One of the amusements when holidaying in exotic countries has always been (for petrolheads anyway) spotting local versions of cars that the maker has long since stopped selling in your home market. Go to Columbia for example and you’ll see the Mk2 Renault Clio, first produced in France in 1998, with a modern facelift (not a great look).
But western car makers monitoring these emerging markets are starting to see a new sophistication among buyers. They no longer want hand-me-down motors. They want newly developed cars with modern features like smartphone connectivity. And they also don’t want to pay any more.
General Motors and Renault-Nissan are reacting, particularly in India – a market with huge potential but also one that’s highly price sensitive. Earlier this year in India Renault launched the SUV-styled Kwid A-segment car on a new platform dubbed CMF-A, the low-budget small car architecture that next year will also underpin a Datsun version. Further models are planned. Renault admits that even the Dacia Logan platform, derived from old Renault underpinnings, was too expensive for the country.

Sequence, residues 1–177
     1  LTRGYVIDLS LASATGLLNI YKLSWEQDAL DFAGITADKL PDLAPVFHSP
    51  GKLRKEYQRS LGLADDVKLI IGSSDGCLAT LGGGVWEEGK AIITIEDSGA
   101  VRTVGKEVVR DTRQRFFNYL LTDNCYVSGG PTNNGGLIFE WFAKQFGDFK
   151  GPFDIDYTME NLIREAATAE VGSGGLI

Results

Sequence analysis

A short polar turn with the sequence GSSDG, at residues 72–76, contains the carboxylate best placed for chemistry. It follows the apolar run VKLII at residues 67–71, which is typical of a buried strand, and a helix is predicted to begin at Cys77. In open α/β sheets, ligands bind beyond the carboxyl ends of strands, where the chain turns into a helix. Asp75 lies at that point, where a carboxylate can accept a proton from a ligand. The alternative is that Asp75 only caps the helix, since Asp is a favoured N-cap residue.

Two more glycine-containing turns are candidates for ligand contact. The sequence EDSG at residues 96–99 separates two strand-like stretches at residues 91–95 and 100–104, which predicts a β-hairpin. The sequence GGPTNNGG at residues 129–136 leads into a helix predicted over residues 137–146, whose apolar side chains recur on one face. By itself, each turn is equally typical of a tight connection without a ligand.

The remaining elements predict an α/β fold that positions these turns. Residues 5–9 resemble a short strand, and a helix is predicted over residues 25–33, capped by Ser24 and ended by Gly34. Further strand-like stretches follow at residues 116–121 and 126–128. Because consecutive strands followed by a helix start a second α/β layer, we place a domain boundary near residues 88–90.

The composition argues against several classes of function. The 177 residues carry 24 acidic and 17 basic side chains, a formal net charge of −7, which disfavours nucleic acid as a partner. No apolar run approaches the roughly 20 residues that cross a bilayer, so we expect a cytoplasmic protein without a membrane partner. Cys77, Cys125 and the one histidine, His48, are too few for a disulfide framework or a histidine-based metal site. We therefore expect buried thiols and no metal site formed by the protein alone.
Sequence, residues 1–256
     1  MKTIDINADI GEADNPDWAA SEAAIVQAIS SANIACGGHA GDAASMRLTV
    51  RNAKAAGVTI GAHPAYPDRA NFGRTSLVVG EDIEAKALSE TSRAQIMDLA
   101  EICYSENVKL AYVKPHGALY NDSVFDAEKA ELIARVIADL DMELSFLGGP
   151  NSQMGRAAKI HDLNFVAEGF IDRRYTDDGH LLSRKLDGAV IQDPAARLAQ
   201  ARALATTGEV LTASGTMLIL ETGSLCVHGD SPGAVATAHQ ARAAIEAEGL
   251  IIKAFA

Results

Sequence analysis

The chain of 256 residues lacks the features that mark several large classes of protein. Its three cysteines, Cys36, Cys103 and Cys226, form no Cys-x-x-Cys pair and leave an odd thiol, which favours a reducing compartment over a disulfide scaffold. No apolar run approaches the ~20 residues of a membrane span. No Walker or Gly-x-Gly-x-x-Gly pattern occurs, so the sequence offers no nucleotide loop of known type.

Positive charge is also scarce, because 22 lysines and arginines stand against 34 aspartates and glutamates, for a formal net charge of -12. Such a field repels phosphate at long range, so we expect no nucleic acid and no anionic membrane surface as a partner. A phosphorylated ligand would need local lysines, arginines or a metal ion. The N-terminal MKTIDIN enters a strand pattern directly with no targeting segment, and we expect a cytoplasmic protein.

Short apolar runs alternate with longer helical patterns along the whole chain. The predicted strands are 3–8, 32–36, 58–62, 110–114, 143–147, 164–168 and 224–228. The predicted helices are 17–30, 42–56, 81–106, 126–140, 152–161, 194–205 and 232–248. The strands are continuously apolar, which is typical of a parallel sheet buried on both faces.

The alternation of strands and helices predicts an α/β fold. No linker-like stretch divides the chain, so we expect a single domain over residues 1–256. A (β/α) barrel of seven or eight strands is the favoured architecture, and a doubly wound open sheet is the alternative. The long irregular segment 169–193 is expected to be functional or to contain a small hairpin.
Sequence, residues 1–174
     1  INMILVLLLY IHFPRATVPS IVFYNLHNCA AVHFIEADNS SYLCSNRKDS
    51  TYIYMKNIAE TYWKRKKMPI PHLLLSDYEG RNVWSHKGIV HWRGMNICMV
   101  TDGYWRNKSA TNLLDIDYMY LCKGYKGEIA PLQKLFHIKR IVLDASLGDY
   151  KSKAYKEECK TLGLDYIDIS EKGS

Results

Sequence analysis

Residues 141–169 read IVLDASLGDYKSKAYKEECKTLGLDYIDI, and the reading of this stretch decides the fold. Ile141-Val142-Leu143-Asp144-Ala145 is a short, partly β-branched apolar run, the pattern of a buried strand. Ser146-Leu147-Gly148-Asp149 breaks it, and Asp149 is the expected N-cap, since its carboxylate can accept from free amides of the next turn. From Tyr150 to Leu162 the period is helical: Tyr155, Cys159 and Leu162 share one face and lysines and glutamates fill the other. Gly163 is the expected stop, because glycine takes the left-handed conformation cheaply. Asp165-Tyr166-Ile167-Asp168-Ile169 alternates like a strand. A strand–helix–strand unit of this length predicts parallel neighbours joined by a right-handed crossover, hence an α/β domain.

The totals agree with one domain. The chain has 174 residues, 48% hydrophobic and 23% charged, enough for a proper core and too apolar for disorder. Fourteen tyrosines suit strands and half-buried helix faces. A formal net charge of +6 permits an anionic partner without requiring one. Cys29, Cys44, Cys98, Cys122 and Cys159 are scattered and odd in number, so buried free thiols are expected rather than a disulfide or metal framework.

Meanwhile GM recently announced it will spend $5 billion to develop and build a new range of “technology-rich” small cars with Chinese giant SAIC. Once again India is a prime target. As with Renault, it’s about reaping savings from sheer numbers. “In order to provide the feature and content level, we need to come at this…from a different level of scale,” GM President Dan Amman told Automotive News in July.
Renault calls its approach “frugal engineering”. Developing a car in a way that’s both fast enough to react to market changes and cost-effective enough to challenge often entrenched competition when it comes to market. Expect to see digital prototyping come to the fore as part of that approach.